Even 22 years later the President, Secretary of the Navy and other high-ranking officials would not attend or acknowledge a dedication of a memorial to the crew of the USS Liberty in the hometown of a few of the fallen sailors.

The best way to honor the USS Liberty is to uncover the truth about June 8, 1967, through a belated, but full congressional investigation in which all evidence is examined.

Thus may the survivors get the closure they deserve.


The Herald-Sun
Friday, August 22, 2003
Final Edition
Editorial Section
Page A10

Israel accountable under rules of international law

People are waiting on the edge of their seats to see if the Palestinian response to the latest bus bombing will be acceptable to the Israelis so we can continue the peace process. This is strange for a variety of reasons.

The Israelis are violating international law by transferring part of their population to the territory it occupies (illegal settlements), imprisoning Palestinians regardless of innocence or guilt in Israeli prisons, punishing the whole population for the crimes of a few, fighting stones and guns with tanks, Apache gunships and F-16s. On top of this, they deny Palestinian citizens of Israel equal rights with Jewish citizens.

Why isn't the peace process hinging on whether or not Israelis comply with international and humanitarian law? Why must progress always depend on what is acceptable to Israelis, while they continue to ignore law, human rights, and democratic principles?

It is well known that the American media favor Israel (just watch Fox News). When was the last time you heard a Palestinian's death denounced and Israel blamed? Suicide bombings get extensive, repetitive coverage and obvious sympathy (often denouncing Palestinians) from the media.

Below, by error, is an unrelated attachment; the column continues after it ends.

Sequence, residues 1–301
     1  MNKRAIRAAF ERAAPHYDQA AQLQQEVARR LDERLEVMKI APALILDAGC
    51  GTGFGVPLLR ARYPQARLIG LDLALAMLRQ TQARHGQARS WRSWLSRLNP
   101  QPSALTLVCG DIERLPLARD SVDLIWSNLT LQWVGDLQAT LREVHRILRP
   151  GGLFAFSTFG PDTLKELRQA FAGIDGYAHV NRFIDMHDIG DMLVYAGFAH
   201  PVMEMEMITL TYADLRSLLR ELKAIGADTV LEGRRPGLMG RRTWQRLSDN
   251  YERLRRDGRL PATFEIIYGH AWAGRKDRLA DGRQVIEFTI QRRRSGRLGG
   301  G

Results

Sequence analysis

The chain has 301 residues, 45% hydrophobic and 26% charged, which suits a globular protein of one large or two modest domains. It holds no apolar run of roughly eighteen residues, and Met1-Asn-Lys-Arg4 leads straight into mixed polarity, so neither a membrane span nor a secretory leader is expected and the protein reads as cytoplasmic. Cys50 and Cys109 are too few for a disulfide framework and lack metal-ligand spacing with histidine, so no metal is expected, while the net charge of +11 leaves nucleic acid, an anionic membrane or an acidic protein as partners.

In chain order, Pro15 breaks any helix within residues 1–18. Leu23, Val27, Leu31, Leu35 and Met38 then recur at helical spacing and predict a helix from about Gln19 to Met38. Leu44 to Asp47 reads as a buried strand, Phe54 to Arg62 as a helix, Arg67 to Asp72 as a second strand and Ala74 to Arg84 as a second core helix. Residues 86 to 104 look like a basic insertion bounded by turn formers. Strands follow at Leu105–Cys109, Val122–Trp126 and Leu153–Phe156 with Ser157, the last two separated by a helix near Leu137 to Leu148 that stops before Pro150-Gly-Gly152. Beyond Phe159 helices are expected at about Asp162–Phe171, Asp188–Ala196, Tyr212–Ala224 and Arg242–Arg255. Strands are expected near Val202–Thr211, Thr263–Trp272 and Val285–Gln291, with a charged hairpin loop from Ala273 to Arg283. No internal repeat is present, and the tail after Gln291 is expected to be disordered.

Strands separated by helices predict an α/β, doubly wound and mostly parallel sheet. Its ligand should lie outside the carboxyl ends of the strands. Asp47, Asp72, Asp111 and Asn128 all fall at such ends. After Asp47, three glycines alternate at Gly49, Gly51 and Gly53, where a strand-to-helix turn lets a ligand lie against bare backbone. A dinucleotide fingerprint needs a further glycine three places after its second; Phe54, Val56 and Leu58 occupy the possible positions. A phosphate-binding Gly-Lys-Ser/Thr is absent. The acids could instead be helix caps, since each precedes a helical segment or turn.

Media coverage adds to the problem, but until both parties are held equally accountable, there will be no justice and no peace in the Middle East.


The Herald-Sun
Wednesday, September 24, 2003
Final Edition
Editorial Section
Page A12

Base peace on justice


The most prominent prerequisite for peace in the Middle East is for Palestinians to end terrorism. But both the United States and Israel have severely limited Palestinians' ability to combat terror, yet they insist this must occur before Israel fulfills any of its obligations of law, human rights or negotiations. America and Israel are themselves guilty of undermining the United Nations and failing miserably to end terrorism.

If two military giants fail to stop terrorism, how can the Palestinians do it? They have no military. Israel demolished the security and police buildings and stole files compiled on terrorists and criminals. Security personnel are targeted for assassination and imprisonment. The United States and Israel have none of these obstacles, yet they fail to end terrorism. It seems America and Israel want the Palestinians to fail.

The peace process is brought to a screeching halt when Palestinians fail to meet obligations, but Israel is paid billions of dollars in loan guarantees and military aid. A peace plan based on anything but justice and equality is bound to fail. Both sides must be expected to follow international law and fulfill obligations equally.


++++++++++++
Letters to the editor that referenced my stuff:


The Herald-Sun
Friday, August 29, 2003
Final Edition
Editorial Section
Page A12


Israel must preserve the right to self-protection